One facet of Phish’s storied legacy is their profound exchanges of energy between themselves and their audiences, often reaching levels not experienced in any other place on the planet. Madison Square Garden has long been a venue where such interactions reach massive peaks, that energy—almost—becomes a tangible entity. Thursday night at the Garden was defined by this metaphysical interplay as tidal waves of shared energy rippled through the midtown Mecca from start to finish. Throughout two sets, and specifically the first, Phish drenched the arena in high-powered rock and roll. But when the show ended and the only risk the band had taken was a sublime and out-of-left-field transition between “Chalk Dust” and “Hydrogen,” and the only two true jams that could be named were “YEM” and “Weekapaug,” many wondered what had happened to the daring spirit on display throughout the first night of the run.
The show got an adrenaline shot directly to the heart in the form of a “Sloth” opener followed by a marathon dance session in “You Enjoy Myself.” And in 2011, with only four versions in the books before last night, this early-show shocker came as even more of a surprise. In the fifth version of the year, Phish showed love for their old-school opus, engaging in a fully entrenched dosage of “YEM”-funk to jumpstart the show laced with staccato guitar phrasing and creative bass lines holding down the bottom end of a jam that has—literally—become synonymous with The Garden in the moniker of “YEMSG.”
Then, in each subsequent song performed throughout the first set, the energy in the building continued to build, coming to mid-set swells in a rousing “Funky Bitch,” “Maze,” and “Roses are Free”—a version in which the energy, alone, in the room had to carry into something musically significant. But it wasn’t to be. And the same phenomenon befell the following selection, “Halley’s Comet.” Phish even carried the composed jam a bit longer than usual only to come to a routine ending that moved into a crushing, set-closing “Antelope” in the same exact slot on the same exact date as 1997, when the jam virtually crumbled MSG all by itself. All in all, a ferocious, old-school-themed and in-your-face frame of music set the table for what had to be a monstrous second half. But that massive set that would surely build upon the 28th never materialized.
Though the band certainly played quite well through each and every selection in the second set, their jamming had somehow left the building. If you had told me beforehand that the first two song’s of the second set would be “Crosseyed and Painless” and “Simple,” and the band would haven’t engaged in a bit of exploration throughout the entire two-song sequence, I would have scoffed at the notion. But, in fact, that is exactly what happened. “Crosseyed”—like much of the second set—was lead by high-powered, though straightforward guitar work, and when the band bled into an ambient ending, it sounded as they might go into “No Quarter.” But instead, they crashed into “Simple” in a somewhat of a head-scratching maneuver. And even when a second set, standalone “Simple” screamed for further caressing, the band turned a cold shoulder in favor of the one of the most welcomed treats of the night—“Lifeboy.” The mid-second set rarity hypnotized The Garden with its lucid reality, seemingly setting the stage for what had to be a huge jam vehicle. But when the band dropped into “Guyute” next, I was left wondering what date of the year it was.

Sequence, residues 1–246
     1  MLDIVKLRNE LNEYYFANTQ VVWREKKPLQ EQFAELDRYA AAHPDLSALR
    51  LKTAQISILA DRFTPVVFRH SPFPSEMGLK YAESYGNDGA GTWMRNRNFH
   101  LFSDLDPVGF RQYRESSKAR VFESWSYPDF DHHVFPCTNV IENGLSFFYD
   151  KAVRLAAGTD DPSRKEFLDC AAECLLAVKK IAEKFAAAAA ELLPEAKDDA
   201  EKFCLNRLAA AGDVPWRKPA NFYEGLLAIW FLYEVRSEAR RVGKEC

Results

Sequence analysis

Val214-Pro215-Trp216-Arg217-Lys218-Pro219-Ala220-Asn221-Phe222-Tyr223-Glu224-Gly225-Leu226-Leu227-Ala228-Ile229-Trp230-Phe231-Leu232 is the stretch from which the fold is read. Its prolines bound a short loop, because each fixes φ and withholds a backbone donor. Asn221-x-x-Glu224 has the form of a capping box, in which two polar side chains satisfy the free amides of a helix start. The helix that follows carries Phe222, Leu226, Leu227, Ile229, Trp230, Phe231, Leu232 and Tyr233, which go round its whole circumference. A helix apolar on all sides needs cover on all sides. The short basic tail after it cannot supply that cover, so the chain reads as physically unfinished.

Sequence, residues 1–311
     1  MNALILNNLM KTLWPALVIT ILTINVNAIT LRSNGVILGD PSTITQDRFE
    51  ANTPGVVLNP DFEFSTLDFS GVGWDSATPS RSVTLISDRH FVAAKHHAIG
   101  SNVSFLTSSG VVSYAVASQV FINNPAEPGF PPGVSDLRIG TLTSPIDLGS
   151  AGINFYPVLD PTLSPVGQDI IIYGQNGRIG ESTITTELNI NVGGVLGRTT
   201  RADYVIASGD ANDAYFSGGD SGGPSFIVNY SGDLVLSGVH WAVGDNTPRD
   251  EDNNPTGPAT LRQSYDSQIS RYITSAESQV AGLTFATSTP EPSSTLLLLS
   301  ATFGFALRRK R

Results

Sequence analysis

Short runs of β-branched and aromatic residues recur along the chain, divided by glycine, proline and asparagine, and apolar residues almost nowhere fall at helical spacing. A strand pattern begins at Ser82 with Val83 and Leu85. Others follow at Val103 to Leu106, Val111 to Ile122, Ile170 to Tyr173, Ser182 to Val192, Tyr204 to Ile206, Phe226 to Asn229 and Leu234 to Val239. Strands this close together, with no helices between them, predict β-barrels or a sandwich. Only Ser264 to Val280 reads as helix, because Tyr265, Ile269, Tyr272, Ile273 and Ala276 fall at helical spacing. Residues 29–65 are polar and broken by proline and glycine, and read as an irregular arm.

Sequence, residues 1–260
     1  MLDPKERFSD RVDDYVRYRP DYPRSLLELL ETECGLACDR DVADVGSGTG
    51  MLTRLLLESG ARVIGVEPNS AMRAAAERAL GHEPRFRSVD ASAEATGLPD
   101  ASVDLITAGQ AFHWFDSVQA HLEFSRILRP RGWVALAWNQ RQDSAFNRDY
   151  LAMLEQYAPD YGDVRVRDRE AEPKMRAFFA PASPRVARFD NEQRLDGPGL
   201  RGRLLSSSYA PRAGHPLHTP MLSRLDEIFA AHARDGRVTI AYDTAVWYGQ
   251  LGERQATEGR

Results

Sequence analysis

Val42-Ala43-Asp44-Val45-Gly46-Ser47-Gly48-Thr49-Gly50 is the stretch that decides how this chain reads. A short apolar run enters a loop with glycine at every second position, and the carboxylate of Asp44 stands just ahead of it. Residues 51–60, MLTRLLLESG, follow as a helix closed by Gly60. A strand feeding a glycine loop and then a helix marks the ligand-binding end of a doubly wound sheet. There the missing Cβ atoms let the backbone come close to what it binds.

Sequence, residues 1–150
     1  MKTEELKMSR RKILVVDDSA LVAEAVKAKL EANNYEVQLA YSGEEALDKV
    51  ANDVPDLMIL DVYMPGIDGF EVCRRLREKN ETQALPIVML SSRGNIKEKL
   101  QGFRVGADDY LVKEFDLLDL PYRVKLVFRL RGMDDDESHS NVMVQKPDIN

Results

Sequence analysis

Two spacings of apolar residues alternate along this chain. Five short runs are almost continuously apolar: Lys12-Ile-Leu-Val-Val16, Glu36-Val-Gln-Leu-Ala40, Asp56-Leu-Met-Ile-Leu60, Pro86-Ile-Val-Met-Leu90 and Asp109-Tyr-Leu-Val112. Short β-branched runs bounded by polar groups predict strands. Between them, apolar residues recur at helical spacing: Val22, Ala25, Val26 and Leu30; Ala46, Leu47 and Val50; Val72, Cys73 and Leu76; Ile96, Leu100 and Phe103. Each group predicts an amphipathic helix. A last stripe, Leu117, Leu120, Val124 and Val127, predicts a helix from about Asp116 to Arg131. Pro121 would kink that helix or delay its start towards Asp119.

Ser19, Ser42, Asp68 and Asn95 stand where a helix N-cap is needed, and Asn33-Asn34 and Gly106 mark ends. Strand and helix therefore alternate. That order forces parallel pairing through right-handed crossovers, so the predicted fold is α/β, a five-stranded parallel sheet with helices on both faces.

Surprisingly, the highlight of the show came from the unlikeliest of places—within the middle of a “Mike’s Groove.” Following an aggressive odyssey through “Mike’s Song” that saw Big Red earn his nickname with slashing guitar leads throughout, the band oddly entered “Chalk Dust Torture,” a song that didn’t really fit its placement, but certainly felt congruent to the vibe of the entire night. And just when you least expected it, the band tossed a curveball. Taking the piece into intense realms, Trey moved from the dark side into a melody that sounded oh-so-familiar. Within a moment’s notice, it became apparent that Trey was blending “Chalk Dust” into “Hydrogen” as the rest of the band chugged away beneath! In the unquestionable moment of the show, Phish brought the house down with an absolutely stunning transition that nobody in the entire city saw coming.
The dramatic musical move clearly juiced the band as their creativity spilled directly into a full-throttle “Weekapaug” jam that was fully on the level. One had to wonder where any of this late-set spirit had been when huge jams hung in the air for much of the second half. Finishing the night with an exhale in “Show of Life” and final bursts of spirited rock playing in “Character Zero” and “Loving Cup,” the end of the night maintained the same the vibe of the entire evening—smoking rock, but hardly anything that could be described as adventurous. Juxtaposing a night of jams on the 28th with a night an energy show, through and through, on the 29th, one has to believe the 30th will feature a bit more for the psyche. And in just a few more hours, we’ll find out.
I: The Sloth, You Enjoy Myself, Back on the Train, The Moma Dance, Funky Bitch, Maze, Roses Are Free, Halley’s Comet > Run Like an Antelope
II: Crosseyed and Painless > Simple > Lifeboy, Guyute, Mike’s Song > Chalk Dust Torture-> I Am Hydrogen > Weekapaug Groove, Show of Life, Character Zero
E: Loving Cup
THANK YOU!—Thanks to everyone who came out to both the book signing and afterparty at The Irish Times! Both events had great turnouts and were incredibly enjoyable, and it was great to meet so many new people and hang with a bunch of old friends all at the same time! A great time was had by all.Tags: 2011, New Years